Test your assumptions - often
Updated: Oct 29, 2020
Growing up, there was a quote my dad was fond of: When you ASSUME you make an ASS of U and ME.
Essentially, assumptions shouldn't be trusted.
This past weekend was a sobering reminder for me of the importance of testing my assumptions.
I spent this Labour Day weekend mostly on the couch. When I did have to get up, it was accompanied by a groan and me whining about how much my legs hurt. It was the muscular equivalent of sitting on a bed of cacti.
Why? Because on Friday I went to a lunchtime circuit workout. These workouts are quick (40 min max) and body weight only. But they pack a punch!
Thirty minutes of work caused 3 days of jelly legs. This was a sobering reality for me.
You see, I pride myself on being an athlete. I even had my own playing cards, proudly purchased by my parents and sent to aunts, uncles, and family friends.
I grew up competing in sports: karate, basketball, soccer, volleyball, track & field. But the pain I was feeling over Labour weekend wasn’t from a few rounds of sparring or a pickup game of basketball. I simply did a few repetitive leg workouts (squats, jump squats, lunges, wall sits) with cardio intervals. And I could barely walk!
What did this fact teach me, the 2002 MVP*?
*according to the Sports Cards my mom purchased
1. Recognise reality
I may have been a fit athlete a decade ago, but now I’m living in my memories. It’s been three years since I’ve been in a karate studio and four years since I’ve played a game of basketball. Even longer for other sports.
The only reality that matters is what’s happening now. Test and recheck your assumptions so you aren’t building off facts from a decade ago that don’t reflect the reality.
If you think your project or a process is built off old facts, data, or assumptions—test it.
Test customer expectations – Understand what they want now and how they want to interact with your product. Current technological advances rapidly shift these.
Test system capabilities – What’s possible with the systems you have? What systems do you need to meet customer expectations?
2. Embrace productive pain
The pain in my legs was intense. Every stand up or sit down was tender. But it was a good pain in the sense that it was productive pain. It was caused by doing something helpful and will lead to better results. But it still hurts.
Just because you’re doing the right thing at work doesn’t mean it will be easy. Sometimes going through a better process takes longer or brings up more questions than answers. Sometimes it forces us to confront stark realities and have hard conversations.
As we think about new ways of working, breaking down silos, and putting people first – they’ll all come with some pain. Just because it’s the right way to work or engage, doesn’t mean it will be easy. It actually might be quite painful as you’re getting started. Productively painful: helpful and leads to better results in the long run.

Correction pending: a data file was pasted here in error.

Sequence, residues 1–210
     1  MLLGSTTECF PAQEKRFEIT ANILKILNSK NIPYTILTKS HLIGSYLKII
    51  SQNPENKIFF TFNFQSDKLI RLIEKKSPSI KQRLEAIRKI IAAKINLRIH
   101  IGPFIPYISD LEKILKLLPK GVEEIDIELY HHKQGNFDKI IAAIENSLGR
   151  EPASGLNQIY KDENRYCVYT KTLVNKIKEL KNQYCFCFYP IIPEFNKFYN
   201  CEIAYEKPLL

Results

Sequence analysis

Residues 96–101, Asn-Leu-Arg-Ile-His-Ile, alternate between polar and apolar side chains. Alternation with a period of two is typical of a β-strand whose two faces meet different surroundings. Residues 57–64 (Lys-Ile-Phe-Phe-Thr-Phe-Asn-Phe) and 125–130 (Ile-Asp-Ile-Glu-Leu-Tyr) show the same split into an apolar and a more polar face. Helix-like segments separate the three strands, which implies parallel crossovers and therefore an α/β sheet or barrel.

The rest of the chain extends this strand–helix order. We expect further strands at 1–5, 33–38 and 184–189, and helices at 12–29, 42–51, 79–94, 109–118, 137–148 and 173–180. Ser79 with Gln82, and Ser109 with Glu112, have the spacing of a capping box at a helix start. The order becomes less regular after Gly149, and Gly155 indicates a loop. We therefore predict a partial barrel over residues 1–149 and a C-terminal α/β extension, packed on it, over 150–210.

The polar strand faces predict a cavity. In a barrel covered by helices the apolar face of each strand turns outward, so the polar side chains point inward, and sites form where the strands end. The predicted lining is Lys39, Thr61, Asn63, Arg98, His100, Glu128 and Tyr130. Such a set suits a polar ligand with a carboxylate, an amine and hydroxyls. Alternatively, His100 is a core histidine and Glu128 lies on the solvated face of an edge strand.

3. Find your ‘Shane’
Shout out to Shane from The Treasury who runs these circuit workouts. Shane’s been organising and hosting these free workouts and Anderson Park since 2015. Ka pai tō mahi, e hoa!
On Friday, he warned me I’d be sore Saturday. He failed to mention the Sunday / Monday pain.
Shane doesn't bring equipment or gear with him. These workouts are completely accessible for people to do on their own during lunch breaks. But the reality is, most of us wouldn't without him making the space and time - and providing motivation with a smile.
Shane brings people together and provides the motivation, consistency, and encouragement to get us out and moving. You might have a Shane who is able to connect people across your organisation or connects leaders together.
You might channel your inner Shane and create the space and energy for people to come together. Just because people can do something, doesn't mean they will. Having a motivator and a mandate is extremely helpful! What encouragement can you provide?
Be match fit
We're currently watching Match Fit, a series about a group of former All Blacks who have challenged themselves to become fit enough to play a rugby match once again. Tuesday nights we've been tuning in to see the once feared athletes struggle to jog up and down the pitch.
There's humour and banter, but also a reminder of these three actions: recognise reality, embrace productive pain, and find your Shane.
The men have been vulnerable and publicly shared their health stats: weight, body fat, metabolic age, etc. They're far from where they want to be and they've drawn the line in the sand. They're pushing their bodies to the limit and embracing the soreness that comes as a result. And they're being guided by Graham Henry and Buck Shelford - their Shanes.
It's easy to see the mind is willing, but the body and capability isn't there. I remember this happening to me the last time I was in Cleveland. I stopped by my old karate school and got persuaded to jump into a sparring class. In my mind I was kicking my opponent in the head. In reality the kick landed on their bicep, was easily shoved away and I was counter-punched.
This happens at work all the time - great ideals, but the lack of systems, connections, and will to embrace the produce pain can result in a mismatch of intention and reality. We need our systems and processes to be as match fit as our ideals and missions.
How can you do this?
1) Recognise reality - do a stocktake of what you'd like to accomplish and what you actually are accomplishing. Identify what will stop you from reaching your goals and work to resolve it.
2) Embrace productive pain - Some of the resolutions might be hard work. Push through it - if it's the right thing and it will move the project/company forward, then lean into the pain.
3) Find your Shane - Identify the connectors and motivators amongst you and sell your ideas to them. Channel your inner Shane and create the space and time for what's needed to move forward.